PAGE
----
Note: This method is the same method used by Easy2Boot. Just make and Easy2Boot multiboot USB drive and copy your ISO files to it and it will boot from them. For special things like Ophcrack or linux ISOs with persistence, you will need to add a .mnu file.
Tails is however 'special' in that you cannot use the partnew method (see below) if the ISO is on a Hard Disk drive.
This method can be used to boot most 'difficult' linux ISO files (including Ophcrack).
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Tails is a Debian based linux which leaves no trace of you ever having used the system. For more details about using Tails - see here. It does not support persistence and the boot device is not accessible to the user.
Tails can be installed to a USB Flash drive, and can be booted from an ISO file on a multiboot USB boot drive if you use the cheat code 'findiso' which luckily Tails supports. See this post from Ilko which shows how the findiso cheat code can be used. A tested and working grub4dos menu.lst entry from that post is shown below (as the post is poorly formatted!):
Once you create your Tails boot disc, you'll be ready to reboot your computer from a USB drive into an encrypted and private operating system preloaded with all the software you'll need to browse the Web, email, IM, and edit documents.
You can use the menu below to boot Tails from a USB Flash drive or USB Hard Disk.
Note: If booting from a USB hard disk, you must remove the live-media=removable cheat code (this forces Tails to only look at removable drives when loading the 2nd stage filesystem)!
This also applies if you are booting from a USB Flash drive using a Virtual machine - the VM will treat the USB Flash drive as a Fixed Disk and Tails will not boot if you have live-media=removable set.
Tails does not support persistence on the boot drive for security reasons.
Yes, this method should work with almost ANY linux ISO file, even those that do not have a cheat code for post-loading of the ISO file!
The method described below was previously outlined by cdob on reboot.pro here. This method can be used with many linux ISOs but may be particularly useful if you have an NTFS boot partition but the linux version you want to boot to does not support the NTFS filesystem.
This method is used by Easy2Boot (a multiboot USB drive that will boot almost any boot able file just by copying it on!).
PLEASE NOTE: Your boot USB drive must not have more than 3 primary partitions. This procedure makes an entry in the the fourth partition entry in the partition table.
Tails is 'special' however, in that you can only use the method below on a USB Flash drive - it won't work on a USB HDD. However, 99% of most other linux livecd ISOs do work.
This tutorial assumes that you already have a grub4dos multiboot USB drive. If you do not already have one, then make one using RMPrepUSB (follow steps 1 and 2 in this tutorial)
Again, be aware that the new grub4dos menu will write a new partition table entry on your USB boot drive (a fourth entry) - this will destroy any existing partition entry that may already be in the fourth position!
Typically most bootable USB drives have only one or two partitions. You can check the four partition table entries on your USB drive using RMPrepUSB - Drive Info - 0.
Booting direct from an ISO also prevents any malware from changing any files in the ISO.
NOTE: Tails is 'special' and does not boot from a USB Hard Disk (FAT32 or NTFS) using the partnew method described below!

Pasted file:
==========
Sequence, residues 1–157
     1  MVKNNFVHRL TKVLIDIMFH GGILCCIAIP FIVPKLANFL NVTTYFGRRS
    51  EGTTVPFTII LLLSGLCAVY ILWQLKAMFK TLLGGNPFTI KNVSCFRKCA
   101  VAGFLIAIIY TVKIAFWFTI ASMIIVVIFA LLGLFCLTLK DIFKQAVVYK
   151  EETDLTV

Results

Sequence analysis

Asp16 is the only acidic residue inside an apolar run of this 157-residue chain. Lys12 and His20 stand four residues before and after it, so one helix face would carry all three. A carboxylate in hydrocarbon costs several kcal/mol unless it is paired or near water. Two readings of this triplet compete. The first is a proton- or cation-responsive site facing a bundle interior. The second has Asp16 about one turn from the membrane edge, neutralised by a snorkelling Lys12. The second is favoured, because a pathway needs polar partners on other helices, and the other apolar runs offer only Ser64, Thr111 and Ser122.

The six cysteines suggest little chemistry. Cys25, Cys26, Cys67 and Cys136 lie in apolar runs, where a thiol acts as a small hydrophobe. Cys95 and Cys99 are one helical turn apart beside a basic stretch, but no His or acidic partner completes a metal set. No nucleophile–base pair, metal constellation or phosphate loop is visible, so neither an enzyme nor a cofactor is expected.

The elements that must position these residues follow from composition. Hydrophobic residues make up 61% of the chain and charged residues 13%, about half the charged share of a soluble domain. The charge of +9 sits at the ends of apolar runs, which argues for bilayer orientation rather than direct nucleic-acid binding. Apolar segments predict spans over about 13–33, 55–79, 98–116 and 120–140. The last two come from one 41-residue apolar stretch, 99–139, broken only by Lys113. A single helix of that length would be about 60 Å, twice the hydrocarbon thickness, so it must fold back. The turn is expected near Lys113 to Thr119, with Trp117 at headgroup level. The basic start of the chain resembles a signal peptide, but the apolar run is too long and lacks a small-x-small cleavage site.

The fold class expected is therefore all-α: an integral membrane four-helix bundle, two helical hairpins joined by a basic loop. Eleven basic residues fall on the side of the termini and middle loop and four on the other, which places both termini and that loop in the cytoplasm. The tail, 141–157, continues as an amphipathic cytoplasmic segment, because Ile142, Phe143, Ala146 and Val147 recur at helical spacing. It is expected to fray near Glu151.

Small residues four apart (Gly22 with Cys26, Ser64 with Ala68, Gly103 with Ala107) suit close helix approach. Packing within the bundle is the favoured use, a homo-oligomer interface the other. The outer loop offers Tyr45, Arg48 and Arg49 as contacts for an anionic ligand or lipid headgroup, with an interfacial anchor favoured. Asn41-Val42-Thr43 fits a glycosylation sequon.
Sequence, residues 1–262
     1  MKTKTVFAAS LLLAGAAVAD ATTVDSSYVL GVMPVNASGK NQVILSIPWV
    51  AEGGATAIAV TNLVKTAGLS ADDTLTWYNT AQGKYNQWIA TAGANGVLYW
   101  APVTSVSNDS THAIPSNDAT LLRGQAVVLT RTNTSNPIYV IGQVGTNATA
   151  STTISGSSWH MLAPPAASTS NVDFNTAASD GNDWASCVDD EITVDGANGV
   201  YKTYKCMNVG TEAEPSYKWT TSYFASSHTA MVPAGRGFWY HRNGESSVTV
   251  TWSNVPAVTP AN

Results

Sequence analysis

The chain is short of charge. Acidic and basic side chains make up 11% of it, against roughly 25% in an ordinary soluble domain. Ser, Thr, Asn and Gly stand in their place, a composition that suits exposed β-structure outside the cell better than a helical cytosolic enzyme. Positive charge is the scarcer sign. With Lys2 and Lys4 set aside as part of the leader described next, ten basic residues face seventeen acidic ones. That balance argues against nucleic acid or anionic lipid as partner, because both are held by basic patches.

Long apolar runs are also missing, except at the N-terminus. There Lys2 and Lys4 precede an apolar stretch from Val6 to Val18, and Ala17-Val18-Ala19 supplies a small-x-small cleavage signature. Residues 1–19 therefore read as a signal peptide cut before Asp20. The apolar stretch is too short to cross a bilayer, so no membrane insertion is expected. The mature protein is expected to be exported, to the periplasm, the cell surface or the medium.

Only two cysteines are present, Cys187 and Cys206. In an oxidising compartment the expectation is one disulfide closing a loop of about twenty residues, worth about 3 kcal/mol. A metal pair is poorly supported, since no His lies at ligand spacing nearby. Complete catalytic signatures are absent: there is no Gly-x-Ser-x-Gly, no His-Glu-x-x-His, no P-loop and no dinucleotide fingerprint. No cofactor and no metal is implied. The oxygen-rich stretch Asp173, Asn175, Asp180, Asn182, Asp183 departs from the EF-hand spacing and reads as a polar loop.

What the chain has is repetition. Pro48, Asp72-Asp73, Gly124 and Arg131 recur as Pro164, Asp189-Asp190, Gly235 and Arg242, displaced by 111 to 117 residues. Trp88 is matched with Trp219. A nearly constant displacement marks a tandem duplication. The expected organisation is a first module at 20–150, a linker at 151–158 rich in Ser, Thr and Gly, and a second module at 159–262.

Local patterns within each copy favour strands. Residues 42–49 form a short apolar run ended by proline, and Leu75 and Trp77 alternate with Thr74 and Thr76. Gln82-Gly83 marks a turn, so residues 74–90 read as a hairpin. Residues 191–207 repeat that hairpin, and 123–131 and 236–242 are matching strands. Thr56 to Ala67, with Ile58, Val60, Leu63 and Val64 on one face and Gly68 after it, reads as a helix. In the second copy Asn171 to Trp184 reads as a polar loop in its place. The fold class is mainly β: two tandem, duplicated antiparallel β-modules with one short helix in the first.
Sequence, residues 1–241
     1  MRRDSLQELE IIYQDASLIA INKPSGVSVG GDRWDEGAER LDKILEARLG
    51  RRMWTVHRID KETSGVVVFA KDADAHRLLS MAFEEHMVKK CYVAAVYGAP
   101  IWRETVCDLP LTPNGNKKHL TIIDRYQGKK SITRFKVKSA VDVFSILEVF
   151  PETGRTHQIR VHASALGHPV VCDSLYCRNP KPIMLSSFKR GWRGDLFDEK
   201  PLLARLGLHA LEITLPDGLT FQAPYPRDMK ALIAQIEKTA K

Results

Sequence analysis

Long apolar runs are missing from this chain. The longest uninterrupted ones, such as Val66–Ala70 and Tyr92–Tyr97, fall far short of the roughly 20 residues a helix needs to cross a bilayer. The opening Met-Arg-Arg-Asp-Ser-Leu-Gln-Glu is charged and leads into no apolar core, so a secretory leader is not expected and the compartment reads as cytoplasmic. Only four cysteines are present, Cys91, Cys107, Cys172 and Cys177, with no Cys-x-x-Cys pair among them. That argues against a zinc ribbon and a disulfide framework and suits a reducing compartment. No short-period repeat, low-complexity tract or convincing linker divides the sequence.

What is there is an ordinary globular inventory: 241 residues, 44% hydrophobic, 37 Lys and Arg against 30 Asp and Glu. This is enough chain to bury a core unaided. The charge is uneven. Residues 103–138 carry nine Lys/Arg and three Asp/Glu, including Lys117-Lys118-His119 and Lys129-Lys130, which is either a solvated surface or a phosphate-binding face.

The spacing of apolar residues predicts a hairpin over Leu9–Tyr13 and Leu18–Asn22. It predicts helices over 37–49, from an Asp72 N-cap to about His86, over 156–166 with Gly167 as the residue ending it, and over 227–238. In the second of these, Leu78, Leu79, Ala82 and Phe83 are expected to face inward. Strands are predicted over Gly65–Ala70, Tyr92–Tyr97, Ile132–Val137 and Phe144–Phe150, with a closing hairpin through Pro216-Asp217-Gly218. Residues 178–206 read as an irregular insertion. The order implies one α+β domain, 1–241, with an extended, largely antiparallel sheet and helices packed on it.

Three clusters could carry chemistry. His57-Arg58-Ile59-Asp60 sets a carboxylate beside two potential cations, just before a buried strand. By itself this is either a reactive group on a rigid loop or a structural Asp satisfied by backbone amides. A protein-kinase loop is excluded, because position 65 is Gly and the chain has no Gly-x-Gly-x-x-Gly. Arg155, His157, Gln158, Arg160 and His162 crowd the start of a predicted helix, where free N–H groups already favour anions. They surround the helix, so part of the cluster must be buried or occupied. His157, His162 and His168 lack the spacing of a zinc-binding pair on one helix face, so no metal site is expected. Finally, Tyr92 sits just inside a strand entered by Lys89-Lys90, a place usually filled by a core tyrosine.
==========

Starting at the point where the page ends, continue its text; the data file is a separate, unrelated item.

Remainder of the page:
Edit the menu.lst file (press F4 in RMPrepUSB to load it into Notepad). Add the following text to your menu (make sure the set ISO= line has the exact same name as your ISO file)..
Test your menu entry on a REAL SYSTEM - it won't work under QEMU because disk writes will not work correctly under QEMU (unless you use the QEMU in RMPrepUSB)!
Note: Once the menu entry has been run, you will have a (nonsensical and overlapping) 4th partition entry (but of type 0 so Windows should not see it).
The new 4th partition will be set to start at a position just after the start of the ISO file and the partition length will be set to the length of the ISO file. It will look to linux as if there is a valid CDFS filesystem in partition 4 which linux will mount and then access for the rest of it's boot files (squashfs, etc.).
Ophcrack will boot from an ISO using this 'partnew' method (as used by Easy2Boot), however it will be unable to find the \tables folder.
The easiest way to fix this is simply to extract the \tables folder from the ophcrack ISO(s) and place it in the root of your USB drive (USB:\tables\xxxx).
e.g. for Easy2Boot you would have this folder structure:
You can add both the XP and Vista/7 tables to the same \tables folder and thus be able to crack Windows XP/Vista/7 passwords.
Note: if you do extract the \tables folder, you can simply delete the large \tables folder from the ISO using a suitable ISO editing tool like ISO Maker or Daemon Tools Pro.
If you don't want to add the large \tables folder, try this...
Ophcrack version 3.4.0, do the following:
1. After booting from the Ophcrack ISO file, launch the bash shell by clicking on the black square icon at the top left of the Desktop
2. Type su and use the password root to get superuser access rights
3. We need to mount the ISO partition (4th partition) which is normally sdb4 on a single disk system - so type
(look at what \dev\sdx4 device is mounted as /media/SliTaz ophcrack - e.g. it could be /dev/sdb4). The entry should always end in 4 as it is the fourth partition.
4. Now double-click on the Launcher desktop icon and choose 'Search' from the Ophcrack Launcher menu list
Here is an example grub4dos menu.lst entry (cut and paste it into your menu):
See here for a list of ISO files that have been tested.
Some linux ISOs can be found on this page - here are some I tested and worked...
This method also works with BackTrack 5 ISO files (but persistence does not work).